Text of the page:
Experts warn preservation of traditional architecture ‘urgent'
VietNamNet Bridge – The communal house in Viet Nam is traditionally the soul of the community, thus thoughtful preservation of these old houses is essential to keeping traditional cultural values alive and well.
Picture perfect: A nha ruong house in Phuoc Tich Village on the outskirts of Hue has had its roof and street front altered due to the needs of its owner.
Unfortunately, time waits for no man, so in order to have a new life in modern communities they would need to be restored and protected, said experts at a seminar on conservation of communal houses and traditional architecture held in Hue on Wednesday, Sept 18 .
The conservation experts are calling for thoughtful restoration work to save these traditional architectural gems at a time when authorities in many localities around the country are dismissing them as no longer fit to serve the lives of modern communities.
Other traditional buildings have been given a garish new makeover that is totally out of keeping with their aesthetic character.
"A new, modern coat will never suit a dignified old lady," said Nguyen Huu Thong, a researcher at the Viet Nam Institute of Culture and Arts Study in Hue.
He noted that many communal houses and monuments had been changed beyond recognition after renovations.
"Traditional communal houses carry cultural and architectural styles that were set by their builders in times gone by, often several decades ago, thus the restoration work should consider the research that has been done.
"The houses also have community values, so consulting community elders is also important in the process of restoration," Thong added.
There are many mountainous villages in Thua Thien-Hue and its neighboring provinces where local communities' lives have not yet been affected by modern life too strongly.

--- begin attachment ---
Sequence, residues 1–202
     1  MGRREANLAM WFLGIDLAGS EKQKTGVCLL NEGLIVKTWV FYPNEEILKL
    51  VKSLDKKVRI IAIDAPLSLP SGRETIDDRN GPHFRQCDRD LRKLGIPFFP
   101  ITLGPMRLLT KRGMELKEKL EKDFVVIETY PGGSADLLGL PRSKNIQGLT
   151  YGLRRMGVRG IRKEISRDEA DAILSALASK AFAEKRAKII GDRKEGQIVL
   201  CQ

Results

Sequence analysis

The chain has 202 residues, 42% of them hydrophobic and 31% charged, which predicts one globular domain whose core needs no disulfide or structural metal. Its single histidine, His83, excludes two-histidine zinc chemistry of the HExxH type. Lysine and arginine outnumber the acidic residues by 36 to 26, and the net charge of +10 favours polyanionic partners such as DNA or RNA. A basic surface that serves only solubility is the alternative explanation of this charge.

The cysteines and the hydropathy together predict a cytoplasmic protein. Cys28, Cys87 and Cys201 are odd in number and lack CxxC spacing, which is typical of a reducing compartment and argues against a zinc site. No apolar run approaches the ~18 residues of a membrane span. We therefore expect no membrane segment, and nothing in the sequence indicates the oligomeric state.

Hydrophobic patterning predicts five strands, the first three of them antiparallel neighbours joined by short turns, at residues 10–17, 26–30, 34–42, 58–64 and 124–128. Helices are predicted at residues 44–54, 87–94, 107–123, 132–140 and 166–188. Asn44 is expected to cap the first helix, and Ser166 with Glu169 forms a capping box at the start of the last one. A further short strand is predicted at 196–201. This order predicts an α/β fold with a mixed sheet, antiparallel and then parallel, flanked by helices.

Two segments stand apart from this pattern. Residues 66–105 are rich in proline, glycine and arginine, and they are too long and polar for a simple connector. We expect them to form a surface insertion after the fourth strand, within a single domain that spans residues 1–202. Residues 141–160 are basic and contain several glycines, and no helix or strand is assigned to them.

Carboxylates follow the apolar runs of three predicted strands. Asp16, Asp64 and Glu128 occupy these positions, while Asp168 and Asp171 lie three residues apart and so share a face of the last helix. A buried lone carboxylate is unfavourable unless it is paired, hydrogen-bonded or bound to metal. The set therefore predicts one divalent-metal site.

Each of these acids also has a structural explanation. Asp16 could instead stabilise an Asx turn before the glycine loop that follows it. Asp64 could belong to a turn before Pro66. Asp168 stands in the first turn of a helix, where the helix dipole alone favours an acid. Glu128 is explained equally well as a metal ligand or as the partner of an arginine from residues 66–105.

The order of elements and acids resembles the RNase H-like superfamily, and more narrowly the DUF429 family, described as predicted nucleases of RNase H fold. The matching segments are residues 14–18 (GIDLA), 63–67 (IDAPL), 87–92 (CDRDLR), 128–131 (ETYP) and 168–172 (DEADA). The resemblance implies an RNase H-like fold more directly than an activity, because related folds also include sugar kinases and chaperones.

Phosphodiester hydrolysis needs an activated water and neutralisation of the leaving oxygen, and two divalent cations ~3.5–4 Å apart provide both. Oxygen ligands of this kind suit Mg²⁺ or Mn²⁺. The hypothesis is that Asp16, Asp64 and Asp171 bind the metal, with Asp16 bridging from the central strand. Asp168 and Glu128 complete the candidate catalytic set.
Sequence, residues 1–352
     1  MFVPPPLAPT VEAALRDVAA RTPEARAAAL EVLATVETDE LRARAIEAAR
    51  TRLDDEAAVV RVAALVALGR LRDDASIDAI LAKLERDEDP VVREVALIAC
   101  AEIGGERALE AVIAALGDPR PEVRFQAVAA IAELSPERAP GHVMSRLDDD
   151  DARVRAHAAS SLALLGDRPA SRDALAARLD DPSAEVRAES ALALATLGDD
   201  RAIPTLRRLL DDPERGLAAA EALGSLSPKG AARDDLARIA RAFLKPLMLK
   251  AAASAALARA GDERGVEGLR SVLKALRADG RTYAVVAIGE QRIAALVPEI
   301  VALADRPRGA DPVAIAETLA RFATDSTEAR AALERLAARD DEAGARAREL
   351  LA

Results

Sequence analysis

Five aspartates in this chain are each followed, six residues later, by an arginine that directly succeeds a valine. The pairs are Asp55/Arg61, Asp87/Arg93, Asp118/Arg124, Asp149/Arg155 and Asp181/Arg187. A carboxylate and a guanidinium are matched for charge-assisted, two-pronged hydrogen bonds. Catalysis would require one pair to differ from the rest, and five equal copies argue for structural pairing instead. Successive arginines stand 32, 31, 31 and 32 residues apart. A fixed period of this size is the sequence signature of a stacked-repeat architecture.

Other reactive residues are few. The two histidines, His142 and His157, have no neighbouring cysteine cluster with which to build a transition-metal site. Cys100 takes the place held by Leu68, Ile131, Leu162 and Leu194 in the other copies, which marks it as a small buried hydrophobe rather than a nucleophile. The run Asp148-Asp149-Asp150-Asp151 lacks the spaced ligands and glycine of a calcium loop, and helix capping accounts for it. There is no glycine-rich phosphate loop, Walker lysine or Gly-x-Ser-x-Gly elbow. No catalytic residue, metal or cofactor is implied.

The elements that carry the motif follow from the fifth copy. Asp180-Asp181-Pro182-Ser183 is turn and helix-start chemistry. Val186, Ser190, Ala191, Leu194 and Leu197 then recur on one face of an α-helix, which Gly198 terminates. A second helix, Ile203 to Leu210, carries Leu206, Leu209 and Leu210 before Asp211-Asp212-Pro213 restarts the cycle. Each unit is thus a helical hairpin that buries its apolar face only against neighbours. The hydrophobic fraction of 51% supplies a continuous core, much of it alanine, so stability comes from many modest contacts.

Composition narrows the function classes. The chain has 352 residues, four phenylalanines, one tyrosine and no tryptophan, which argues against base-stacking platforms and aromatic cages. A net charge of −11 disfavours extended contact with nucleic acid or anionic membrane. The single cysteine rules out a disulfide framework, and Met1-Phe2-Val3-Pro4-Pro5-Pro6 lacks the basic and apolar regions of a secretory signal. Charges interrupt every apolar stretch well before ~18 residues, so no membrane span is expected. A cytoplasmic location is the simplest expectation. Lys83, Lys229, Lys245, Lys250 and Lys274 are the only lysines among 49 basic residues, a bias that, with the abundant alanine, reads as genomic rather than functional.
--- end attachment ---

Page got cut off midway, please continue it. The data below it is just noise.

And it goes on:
The experts said research studies on the roles of the communal house in these ethnic communities' would help inform and support the switch to a modern context.
Ethnic communal houses represented six functions in the old days. The village house could have an important external role in communications with other communities, providing a kind of diplomatic facility for the village.
It was also a common place for village ritual ceremonies and for dealing with legal disputes among locals.
The house served as a muster point for the village wardens in the event of a natural disaster, because of a threat from wild animals or in case of conflict between neighbouring communities.
For cultural and educational activities, it was obviously the best place for all to gather for festivities and celebrations.
The seminar was told that once most of these functions were included in the restoration plans, a traditional building would be well preserved both architecturally and culturally.
Nguyen Thang Long, another researcher, gave a case study of restoration work done on the Nam Pho Trung communal house in Nam Pho Village, Hue, where the work done at the behest of the locals resulted in the successful preservation of the tangible and intangible values of the house.
Long also emphasised how the participation of the locals played a key role in the renovation work, including not only their material contributions, but also their intellectual and human resources.
The seminar held by Japan's University of Kyoto, Hue University of Sciences, and the Viet Nam Institute of Culture and Arts Study, gathered researches to discuss the conservation issues of Hue's distinctive nha ruong architecture, which features wooden houses with many beams and pillars.
Many nha ruong had lost their intrinsic value and structural integrity from ad hoc renovations and alterations, thus urgent work to preserve them was needed, the seminar heard.